Over the coming weeks The Open University will publish a series of articles aiming to introduce Computer Weekly readers to a new approach to IT education and professional development throughout their sector.

This new model is based on intensive research and industry engagement by the University, encompassing skills mapping and job profiling that together meet the capability requirements of modern business. By breaking down the business driven competencies for each role into a selection of skills elements these articles will demonstrate the change in skills demand as you work your way up the IT ladder and guide you through the education tools available to help you make this transition.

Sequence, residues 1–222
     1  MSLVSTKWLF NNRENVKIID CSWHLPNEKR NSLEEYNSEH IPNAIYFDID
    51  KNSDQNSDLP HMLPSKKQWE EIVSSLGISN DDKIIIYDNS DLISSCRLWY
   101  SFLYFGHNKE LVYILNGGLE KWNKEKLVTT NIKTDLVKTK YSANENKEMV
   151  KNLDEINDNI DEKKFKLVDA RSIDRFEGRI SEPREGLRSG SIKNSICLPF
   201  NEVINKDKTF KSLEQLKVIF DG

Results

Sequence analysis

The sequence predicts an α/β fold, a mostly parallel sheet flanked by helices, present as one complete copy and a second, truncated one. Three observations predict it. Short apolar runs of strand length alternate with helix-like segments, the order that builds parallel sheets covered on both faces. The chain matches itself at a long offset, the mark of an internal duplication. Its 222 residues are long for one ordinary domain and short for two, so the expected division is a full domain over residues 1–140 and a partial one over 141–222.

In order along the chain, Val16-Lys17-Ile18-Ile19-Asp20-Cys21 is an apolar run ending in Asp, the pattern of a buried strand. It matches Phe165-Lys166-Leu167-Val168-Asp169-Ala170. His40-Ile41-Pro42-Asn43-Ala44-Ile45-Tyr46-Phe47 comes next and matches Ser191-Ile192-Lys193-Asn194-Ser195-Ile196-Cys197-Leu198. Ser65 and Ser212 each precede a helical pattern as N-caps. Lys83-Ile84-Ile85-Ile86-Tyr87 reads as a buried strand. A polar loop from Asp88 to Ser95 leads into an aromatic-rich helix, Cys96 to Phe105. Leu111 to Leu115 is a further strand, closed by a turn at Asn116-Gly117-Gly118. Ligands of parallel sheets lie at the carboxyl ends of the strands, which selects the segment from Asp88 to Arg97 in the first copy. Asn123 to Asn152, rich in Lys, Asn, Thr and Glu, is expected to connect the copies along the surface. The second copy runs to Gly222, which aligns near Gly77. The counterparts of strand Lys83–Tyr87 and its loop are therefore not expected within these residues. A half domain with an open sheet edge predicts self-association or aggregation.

This approach will help CIOs and IT managers create a skills development path that will put in motion a conveyer belt, turning entry-level staff into the company's future senior management.

Throughout these articles we will be encouraging Computer Weekly readers to ask questions via the ITWorks hash tag #ITworksCW, the Facebook page and the comment sections under each article. These questions will be collated and the most popular ones will form the basis of final article with answers provided by The Open University's expert careers advisors.